Note: Where available, the PDF/Word icon below is provided to view the complete and fully formatted document
 Download Full Day's HansardDownload Full Day's Hansard    View Or Save XMLView/Save XML

Previous Fragment    Next Fragment
Tuesday, 19 May 1936


Senator E B JOHNSTON (Western Australia) . - On the last occasion on which the Senate dealt with excise duly on tobacco, I voted with Country party senators in favour of a duty which would give the greatest benefits to the growers. For similar reasons I shall support the request moved by the Leader of the Opposition (Senator Collings). I am surprised to learn from the Minister (Senator A. J. McLachlan) that, on the portion of Australian leaf used in blended tobacco excise duty is not charged at the lower rate of 3s. l0d. per lb. If that is so, it will be easy for this committee to remedy the position, whether or not the request moved by the Leader of the Opposition is carried. If it be carried, the honorable senator can move a further request to make the item read : " Tobacco, manufactured n.e.i., in the manufacture of which Australian leaf is used in part, on the proportion of Australian leaf used per lb. 3s.". I would support a proposal on those lines. , On the other hand, if the request moved by the Leader of the Opposition is not carried, the item could be amended to read : " Tobacco manufactured n.e.i., in the manufacture of which Australian-grown leaf is used in part, on the proportion of Australian leaf used per lb. 3s. 10d."


Senator Brennan - How could that proposal, possibly be carried out from an administrative point of view?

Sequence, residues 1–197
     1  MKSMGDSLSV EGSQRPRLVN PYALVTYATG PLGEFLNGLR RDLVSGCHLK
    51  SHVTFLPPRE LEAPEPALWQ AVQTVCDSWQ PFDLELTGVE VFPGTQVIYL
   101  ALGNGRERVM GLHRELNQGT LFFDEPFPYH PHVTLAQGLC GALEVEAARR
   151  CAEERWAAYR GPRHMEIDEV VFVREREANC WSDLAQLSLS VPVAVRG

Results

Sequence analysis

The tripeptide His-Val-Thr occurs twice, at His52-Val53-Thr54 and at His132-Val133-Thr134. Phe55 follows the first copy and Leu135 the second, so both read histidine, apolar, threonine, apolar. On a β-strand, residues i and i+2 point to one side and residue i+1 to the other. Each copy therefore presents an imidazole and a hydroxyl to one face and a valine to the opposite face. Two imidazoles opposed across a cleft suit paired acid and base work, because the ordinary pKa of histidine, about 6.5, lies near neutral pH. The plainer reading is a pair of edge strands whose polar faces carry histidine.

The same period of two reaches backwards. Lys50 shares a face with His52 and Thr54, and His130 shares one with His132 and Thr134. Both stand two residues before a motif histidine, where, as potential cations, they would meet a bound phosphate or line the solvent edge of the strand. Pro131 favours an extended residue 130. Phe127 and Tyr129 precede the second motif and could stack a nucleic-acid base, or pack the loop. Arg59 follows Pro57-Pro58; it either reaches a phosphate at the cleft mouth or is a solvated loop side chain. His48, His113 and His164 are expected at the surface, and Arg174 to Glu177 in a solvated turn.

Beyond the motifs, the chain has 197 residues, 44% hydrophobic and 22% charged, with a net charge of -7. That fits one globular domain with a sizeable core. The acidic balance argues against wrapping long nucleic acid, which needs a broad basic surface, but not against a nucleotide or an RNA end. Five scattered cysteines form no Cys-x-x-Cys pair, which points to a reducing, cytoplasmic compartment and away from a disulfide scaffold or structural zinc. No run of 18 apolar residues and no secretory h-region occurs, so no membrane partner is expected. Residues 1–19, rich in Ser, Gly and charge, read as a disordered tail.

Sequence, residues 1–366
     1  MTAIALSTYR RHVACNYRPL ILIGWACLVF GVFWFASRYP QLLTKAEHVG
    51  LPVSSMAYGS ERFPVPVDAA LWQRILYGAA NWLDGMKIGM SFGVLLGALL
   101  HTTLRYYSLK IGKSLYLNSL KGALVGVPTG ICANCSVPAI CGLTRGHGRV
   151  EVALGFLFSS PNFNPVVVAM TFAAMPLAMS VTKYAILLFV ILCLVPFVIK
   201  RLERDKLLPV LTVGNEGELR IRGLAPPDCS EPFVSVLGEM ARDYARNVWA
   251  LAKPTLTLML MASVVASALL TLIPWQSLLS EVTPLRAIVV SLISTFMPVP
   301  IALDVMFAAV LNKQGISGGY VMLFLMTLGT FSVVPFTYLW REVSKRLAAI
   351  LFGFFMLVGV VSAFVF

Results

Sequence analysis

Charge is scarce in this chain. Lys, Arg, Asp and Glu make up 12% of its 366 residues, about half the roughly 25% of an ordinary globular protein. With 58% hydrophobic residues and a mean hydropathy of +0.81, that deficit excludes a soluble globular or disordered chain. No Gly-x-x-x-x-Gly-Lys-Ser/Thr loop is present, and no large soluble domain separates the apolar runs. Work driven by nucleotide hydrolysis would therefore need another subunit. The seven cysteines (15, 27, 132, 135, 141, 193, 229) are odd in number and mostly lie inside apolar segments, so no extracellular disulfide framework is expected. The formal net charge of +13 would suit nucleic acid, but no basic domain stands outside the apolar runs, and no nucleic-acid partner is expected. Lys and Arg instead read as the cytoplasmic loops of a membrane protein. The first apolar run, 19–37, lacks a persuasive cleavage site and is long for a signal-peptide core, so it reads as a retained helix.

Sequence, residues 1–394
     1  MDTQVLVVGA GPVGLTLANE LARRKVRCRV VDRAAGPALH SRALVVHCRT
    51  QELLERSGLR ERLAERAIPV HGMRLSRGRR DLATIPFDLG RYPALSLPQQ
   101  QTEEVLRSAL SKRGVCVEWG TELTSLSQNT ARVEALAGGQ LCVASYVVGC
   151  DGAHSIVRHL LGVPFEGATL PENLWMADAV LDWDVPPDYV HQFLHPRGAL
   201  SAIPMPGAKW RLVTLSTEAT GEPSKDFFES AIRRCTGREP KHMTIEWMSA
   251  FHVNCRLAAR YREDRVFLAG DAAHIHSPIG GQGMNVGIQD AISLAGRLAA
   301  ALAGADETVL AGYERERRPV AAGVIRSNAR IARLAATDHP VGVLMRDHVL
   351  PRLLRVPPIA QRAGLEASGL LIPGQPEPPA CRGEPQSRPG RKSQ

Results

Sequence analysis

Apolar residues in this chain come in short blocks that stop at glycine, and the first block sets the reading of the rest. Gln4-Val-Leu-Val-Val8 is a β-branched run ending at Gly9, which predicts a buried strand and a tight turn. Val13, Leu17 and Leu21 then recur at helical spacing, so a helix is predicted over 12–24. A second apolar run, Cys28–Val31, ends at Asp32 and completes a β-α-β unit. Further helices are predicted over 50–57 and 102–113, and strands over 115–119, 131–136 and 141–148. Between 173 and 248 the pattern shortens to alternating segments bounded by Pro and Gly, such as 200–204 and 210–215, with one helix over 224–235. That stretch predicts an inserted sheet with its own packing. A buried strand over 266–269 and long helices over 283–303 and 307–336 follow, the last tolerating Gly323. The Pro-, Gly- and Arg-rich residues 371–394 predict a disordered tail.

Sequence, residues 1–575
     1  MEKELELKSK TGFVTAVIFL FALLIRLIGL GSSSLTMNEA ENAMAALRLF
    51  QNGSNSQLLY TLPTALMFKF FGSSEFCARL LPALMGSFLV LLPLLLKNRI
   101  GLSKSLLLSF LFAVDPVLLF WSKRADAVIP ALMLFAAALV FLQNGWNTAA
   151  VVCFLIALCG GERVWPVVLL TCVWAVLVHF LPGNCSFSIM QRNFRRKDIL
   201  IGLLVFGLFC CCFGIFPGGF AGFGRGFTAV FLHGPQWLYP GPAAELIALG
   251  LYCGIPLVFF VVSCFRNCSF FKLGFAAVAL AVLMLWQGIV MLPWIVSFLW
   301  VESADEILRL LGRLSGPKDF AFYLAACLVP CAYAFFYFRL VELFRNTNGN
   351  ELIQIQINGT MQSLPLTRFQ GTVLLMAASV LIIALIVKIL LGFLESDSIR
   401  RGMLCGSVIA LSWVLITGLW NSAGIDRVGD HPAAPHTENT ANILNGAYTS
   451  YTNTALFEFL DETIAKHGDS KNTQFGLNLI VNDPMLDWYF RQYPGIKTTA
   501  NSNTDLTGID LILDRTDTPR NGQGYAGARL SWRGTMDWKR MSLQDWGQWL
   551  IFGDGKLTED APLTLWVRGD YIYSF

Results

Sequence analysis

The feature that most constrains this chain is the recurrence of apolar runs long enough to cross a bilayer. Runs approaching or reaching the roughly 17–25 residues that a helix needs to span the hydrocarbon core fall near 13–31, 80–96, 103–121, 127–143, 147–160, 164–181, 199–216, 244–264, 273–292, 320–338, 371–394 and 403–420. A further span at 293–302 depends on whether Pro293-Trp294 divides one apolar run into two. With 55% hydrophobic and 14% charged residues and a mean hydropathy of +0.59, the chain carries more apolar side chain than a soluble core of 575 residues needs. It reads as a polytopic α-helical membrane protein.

Senator E B JOHNSTON - I do not think it would offer any difficulty at all to our excise officials. Already, when Australian leaf goes into a factory, there has to be some check 'on it to see whether it is used in the manufacture of exclusively Australian tobacco or otherwise. I can see no reason why the Australian tobacco-grower should not get the benefit of the lower excise rate, should, perhaps, three-quarters 'of the leaf used in manufacture be Australian leaf. Indeed, I believe that the majority of members of Parliament thought that this contingency was now provided for in the way I suggest. I am surprised to hear that this i3 not so. In these circumstances, it is no wonder that the use of Australian leaf has fallen off so rapidly compared with the proportion used in manufacture in 1930-1931. On the last occasion we considered the excise duty on tobacco in company with all Country party senators. I voted in favour of a differentiation of ls. 6d. in excise duty rates in favour of Australian leaf, as against imported leaf. I hope the committee will agree to a proposal on these lines which will effect a slight reduction of some of the heavy taxation imposed on smokers and, at the same time, help a valuable primary industry.







Suggest corrections